Bill Bushnell now has two birthdays—the day he was born and the day he was reborn. Bushnell never expected to be reborn. Diagnosed in May 2005 with stage IV metastatic melanoma, his prognosis was not good. The cancer had spread to his lungs by the time doctors found it. Surgery at first appeared to be an option, but there were two many nodules, three in one lung and two in the other.
Left with few other choices, Bushnell underwent chemotherapy but did not respond. More conventional treatment wasn’t an attractive option for the 55-year-old Cardiff-by-the-Sea resident and didn’t offer much hope for a cure, so he decided to consult with UCLA oncologist Dr. John Glaspy and then join a leading-edge clinical trial at UCLA’s Jonsson Comprehensive Cancer Center. He hoped it would help him, but if it didn’t, at least he was doing his part to move cancer research forward.
“When faced with the type of odds I was facing... it caused me to go back and reflect on my life,” said Bushnell, who is general manager for a Toyota dealership in Carlsbad. “If I could do anything for someone else through this process and we could get closer to a cure for this hideous disease, I felt that whatever the outcome was for me, it would be in some way positive.”
Although he held out little hope, Bushnell enrolled in a study led by Dr. Antoni Ribas that paired two experimental approaches to beat his disease. As always, his wife, Maxine, was at his side.
“Luckily, Bill was able to get into the clinical trial. They told us about it and it all was kind of a blur then because we didn’t really know anything,” said Maxine, who married her husband just one year before his diagnosis. “The percentages they gave us for success were not good.” In fact, Ribas told them the experimental treatment probably wouldn’t work.
The trial required the Bushnells to be at UCLA at least twice a week for three months. The long drive from San Diego County was taxing, but they wanted the best care. The clinical trial was testing two experimental drugs, a dendritic cell vaccine and an antibody. The goal was to teach the immune system to recognize and kill Bushnell’s melanoma cells, which carried a specific marker or protein called MART-1.
Dendritic cells are a type of blood cell that specializes in stimulating the immune system. They don’t directly fight cancer. Instead, they teach other cells in the body to seek out cancer cells with the MART-1 protein and destroy them. In effect, the vaccine functions as an “on” switch for the immune system. For the study, dendritic cells were grown in the laboratory from Bushnell’s blood and loaded with the MART-1 protein.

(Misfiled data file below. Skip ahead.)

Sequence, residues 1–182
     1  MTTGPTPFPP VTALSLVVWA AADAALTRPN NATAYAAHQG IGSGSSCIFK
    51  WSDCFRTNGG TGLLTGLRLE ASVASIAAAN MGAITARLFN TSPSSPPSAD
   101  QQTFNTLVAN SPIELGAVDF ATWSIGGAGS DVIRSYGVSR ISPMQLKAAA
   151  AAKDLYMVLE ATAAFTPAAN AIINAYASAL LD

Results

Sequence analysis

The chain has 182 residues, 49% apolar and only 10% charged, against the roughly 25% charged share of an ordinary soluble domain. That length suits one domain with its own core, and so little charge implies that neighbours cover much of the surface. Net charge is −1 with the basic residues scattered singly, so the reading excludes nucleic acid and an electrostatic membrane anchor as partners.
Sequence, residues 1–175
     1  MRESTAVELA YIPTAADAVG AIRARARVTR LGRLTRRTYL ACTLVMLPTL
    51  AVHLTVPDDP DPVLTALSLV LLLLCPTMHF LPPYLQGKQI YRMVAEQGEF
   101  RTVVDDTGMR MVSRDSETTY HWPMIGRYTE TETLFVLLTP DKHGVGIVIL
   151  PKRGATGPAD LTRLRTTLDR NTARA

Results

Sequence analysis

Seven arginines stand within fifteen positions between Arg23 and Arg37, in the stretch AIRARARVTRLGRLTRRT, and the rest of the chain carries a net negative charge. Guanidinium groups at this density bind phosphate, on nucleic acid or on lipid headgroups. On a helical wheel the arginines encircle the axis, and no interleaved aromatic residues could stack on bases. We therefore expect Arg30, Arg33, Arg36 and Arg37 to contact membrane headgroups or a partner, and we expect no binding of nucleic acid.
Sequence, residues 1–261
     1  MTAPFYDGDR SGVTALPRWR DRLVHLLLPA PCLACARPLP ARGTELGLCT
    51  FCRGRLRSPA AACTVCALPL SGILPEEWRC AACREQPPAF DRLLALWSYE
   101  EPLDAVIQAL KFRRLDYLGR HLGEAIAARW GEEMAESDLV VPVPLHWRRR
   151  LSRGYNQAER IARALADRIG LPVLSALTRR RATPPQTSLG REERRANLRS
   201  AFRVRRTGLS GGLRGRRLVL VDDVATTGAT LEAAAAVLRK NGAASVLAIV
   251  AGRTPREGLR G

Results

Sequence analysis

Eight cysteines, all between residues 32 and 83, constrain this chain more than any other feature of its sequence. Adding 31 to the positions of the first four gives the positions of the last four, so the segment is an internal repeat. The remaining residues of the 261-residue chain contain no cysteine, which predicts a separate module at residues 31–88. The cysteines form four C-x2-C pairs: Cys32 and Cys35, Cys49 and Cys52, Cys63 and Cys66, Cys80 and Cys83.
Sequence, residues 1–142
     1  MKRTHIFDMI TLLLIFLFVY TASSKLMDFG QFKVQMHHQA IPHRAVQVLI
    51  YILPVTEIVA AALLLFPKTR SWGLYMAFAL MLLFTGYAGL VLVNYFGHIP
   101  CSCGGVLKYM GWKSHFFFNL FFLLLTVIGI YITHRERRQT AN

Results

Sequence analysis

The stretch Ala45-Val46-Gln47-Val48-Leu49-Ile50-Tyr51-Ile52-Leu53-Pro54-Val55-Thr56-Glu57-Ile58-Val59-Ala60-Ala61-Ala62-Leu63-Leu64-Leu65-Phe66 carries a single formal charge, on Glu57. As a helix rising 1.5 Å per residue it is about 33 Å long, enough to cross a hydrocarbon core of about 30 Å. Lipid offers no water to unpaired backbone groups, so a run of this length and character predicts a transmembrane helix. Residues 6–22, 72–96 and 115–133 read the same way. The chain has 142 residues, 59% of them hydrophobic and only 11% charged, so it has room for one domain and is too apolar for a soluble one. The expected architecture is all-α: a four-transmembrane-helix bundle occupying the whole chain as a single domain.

The second component of the protocol was an antibody called tremelimumab, which binds and blocks to a protein called CTLA-4. CTLA-4 is found on the surface of certain white blood cells and acts as an “off” switch or brake for the immune system, so the antibody would release this brake.
The rationale for combining the drugs is to turn on the immune system with the dendritic cell vaccine and then block the off switch, the CTLA-4, with the antibody tremelimumab. Hopefully, Ribas said, the combination of the two therapies would result in a greater activation of the immune system against the melanoma cells.
“What I liked about the study was that instead of the treatment killing the immune system, it hyper-stimulated the immune system,” Bushnell said. “It seemed like a smart and logical approach.”
Bushnell got his first treatment in September 2005. On a follow-up appointment, a cancerous mole on Bushnell’s arm looked different. Ribas, intrigued, took photographs of the mole. Another follow-up appointment was scheduled.
“When I came up the next time, the mole was gone,” Bushnell said. “Dr. Ribas said the treatment was really working.”
A series of scans was scheduled to monitor the lesions in Bushnell’s lungs. Over time, they could see the lesions were shrinking.
Bushnell was told to come back in February 2006 for further follow-up. What the Bushnells walked into that day was more like a party than an appointment with an oncologist.
“I remember we walked in and there were a bunch of people in the room: Dr. Ribas, Dr. Glaspy, nurses and study coordinators,” Bushnell recalled. “Then they shared with me in that room that it appeared there was no sign of cancer other than a little bit of scar tissue in my lungs.”
The immune system-boosting therapy, it seemed, had worked. Better than anyone had thought it would. Better than anyone had hoped it would.
“The day in the clinic, when we learned that his lung metastases were regressing, it was like a party,” Ribas said. “Everyone was very happy.”
It’s been more than three years since that day and Bushnell remains cancer free. These days, he celebrates two birthdays.
“My real birthday is Feb. 9, and my appointment on that day was Feb. 6. Now I call Feb. 6 my new birthday. I really started my new life that day,” Bushnell said. “I can’t share enough what that emotion was like, when they told me the cancer appeared to be gone. We were planning a funeral, and now we are figuring out what we’re going to do with our lives. Every meal is a banquet and every day is a holiday. I used to say those words, but I didn’t mean them. Now I really am experiencing that. I can’t tell you how great that is.”
By Kim Irwin